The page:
South Africa becomes the first country to say it will base its public sector accounting practices on the International Federation of Accountants’ public sector accounting standards (IPSASs). As support for the standards rises—the Organisation for Economic Development and Cooperation is basing its 2001 financial statements on them—IFAC’s public sector committee aims to complete a core set of accounting standards by the end of this year. To that end, IFAC releases four new IPSASs— Revenue from Exchange Transactions, Financial Reporting in Hyperinflationary Economies, Construction Contracts and Inventories— and two new exposure drafts— Related Party Disclosures and Provisions, Contingent Liabilities and Contingent Assets, comments on which are due November 30 ( www.ifac.org/news/LastestReleases.tmpl?NID=9954690712-139 ).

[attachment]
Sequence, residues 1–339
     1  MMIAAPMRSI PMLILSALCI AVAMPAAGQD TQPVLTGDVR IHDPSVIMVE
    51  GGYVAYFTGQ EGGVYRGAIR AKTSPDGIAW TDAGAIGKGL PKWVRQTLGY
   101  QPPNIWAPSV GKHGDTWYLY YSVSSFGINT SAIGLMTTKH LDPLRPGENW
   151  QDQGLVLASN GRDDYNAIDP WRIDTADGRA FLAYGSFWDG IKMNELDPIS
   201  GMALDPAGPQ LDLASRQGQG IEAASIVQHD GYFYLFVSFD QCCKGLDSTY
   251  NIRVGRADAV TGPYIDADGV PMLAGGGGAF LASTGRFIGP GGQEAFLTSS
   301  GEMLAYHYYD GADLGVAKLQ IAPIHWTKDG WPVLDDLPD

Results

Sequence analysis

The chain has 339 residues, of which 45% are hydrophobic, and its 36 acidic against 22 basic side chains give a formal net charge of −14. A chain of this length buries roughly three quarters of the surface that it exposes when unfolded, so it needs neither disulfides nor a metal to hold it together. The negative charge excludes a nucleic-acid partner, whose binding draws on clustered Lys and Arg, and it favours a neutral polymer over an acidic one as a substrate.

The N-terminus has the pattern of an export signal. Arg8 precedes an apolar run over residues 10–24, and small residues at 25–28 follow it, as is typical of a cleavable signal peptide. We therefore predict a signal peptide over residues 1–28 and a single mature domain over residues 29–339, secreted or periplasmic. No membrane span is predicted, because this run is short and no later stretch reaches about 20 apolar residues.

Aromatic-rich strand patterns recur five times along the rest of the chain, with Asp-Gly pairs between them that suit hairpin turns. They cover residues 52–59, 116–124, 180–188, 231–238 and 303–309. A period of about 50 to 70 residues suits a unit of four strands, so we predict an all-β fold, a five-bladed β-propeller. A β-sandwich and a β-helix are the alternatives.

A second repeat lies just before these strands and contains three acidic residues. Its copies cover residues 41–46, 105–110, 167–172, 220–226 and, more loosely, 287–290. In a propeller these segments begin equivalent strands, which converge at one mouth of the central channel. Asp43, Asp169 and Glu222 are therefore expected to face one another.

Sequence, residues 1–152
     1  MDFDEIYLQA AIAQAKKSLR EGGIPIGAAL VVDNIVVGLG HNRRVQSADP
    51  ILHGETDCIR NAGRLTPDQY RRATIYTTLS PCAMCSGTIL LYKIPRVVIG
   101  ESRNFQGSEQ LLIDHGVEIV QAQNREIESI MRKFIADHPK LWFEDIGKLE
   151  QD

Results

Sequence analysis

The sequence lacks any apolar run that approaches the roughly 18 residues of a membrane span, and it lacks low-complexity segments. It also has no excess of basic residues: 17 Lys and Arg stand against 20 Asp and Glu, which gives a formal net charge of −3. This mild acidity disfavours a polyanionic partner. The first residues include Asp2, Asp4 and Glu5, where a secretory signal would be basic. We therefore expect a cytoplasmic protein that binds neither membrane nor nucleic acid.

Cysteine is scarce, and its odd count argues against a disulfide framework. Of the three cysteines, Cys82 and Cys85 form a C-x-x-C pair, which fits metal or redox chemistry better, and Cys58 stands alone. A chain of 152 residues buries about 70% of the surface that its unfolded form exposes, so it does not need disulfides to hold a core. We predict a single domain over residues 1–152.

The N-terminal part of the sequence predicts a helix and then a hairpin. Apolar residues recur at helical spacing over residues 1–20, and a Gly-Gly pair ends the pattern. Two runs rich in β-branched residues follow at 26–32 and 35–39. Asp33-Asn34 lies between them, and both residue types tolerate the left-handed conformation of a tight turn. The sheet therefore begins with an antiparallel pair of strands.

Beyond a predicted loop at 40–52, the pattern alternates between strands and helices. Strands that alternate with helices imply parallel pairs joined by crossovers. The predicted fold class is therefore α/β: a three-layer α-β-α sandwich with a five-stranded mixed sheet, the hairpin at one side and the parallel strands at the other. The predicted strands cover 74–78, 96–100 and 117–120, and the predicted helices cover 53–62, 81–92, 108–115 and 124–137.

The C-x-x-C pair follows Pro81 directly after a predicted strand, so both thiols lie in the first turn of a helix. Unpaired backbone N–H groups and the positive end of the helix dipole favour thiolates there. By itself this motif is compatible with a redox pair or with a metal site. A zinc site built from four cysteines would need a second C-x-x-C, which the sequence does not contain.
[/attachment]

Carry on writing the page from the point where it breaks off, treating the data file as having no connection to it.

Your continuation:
The International Accounting Standards Board (IASB)
announces its first agenda of technical projects. Four of
them—accounting for insurance contracts, business combinations,
performance reporting and accounting for share-based payments—focus on
the board’s primary mission of promoting harmonization of
international and national accounting standards. The remaining
projects aim to improve or simplify the application of international
financial reporting standards (for example, amendments to IAS no. 39,
Financial Instruments: Recognition and Measurement ) (
Two new publications from the Information Technology Governance Institute, prepared with assistance from the International Federation of Accountants, examine IT-related risks and issues. Titled Board Briefing on IT Governance and Information Security Governance for Boards of Directors and Executive Management, they explain, respectively, the importance of effective governance and how company leaders can identify and resolve deficiencies in IT security ( www.ifac.org/store/Category.tmpl?Category=Information%20Technology&Cart ).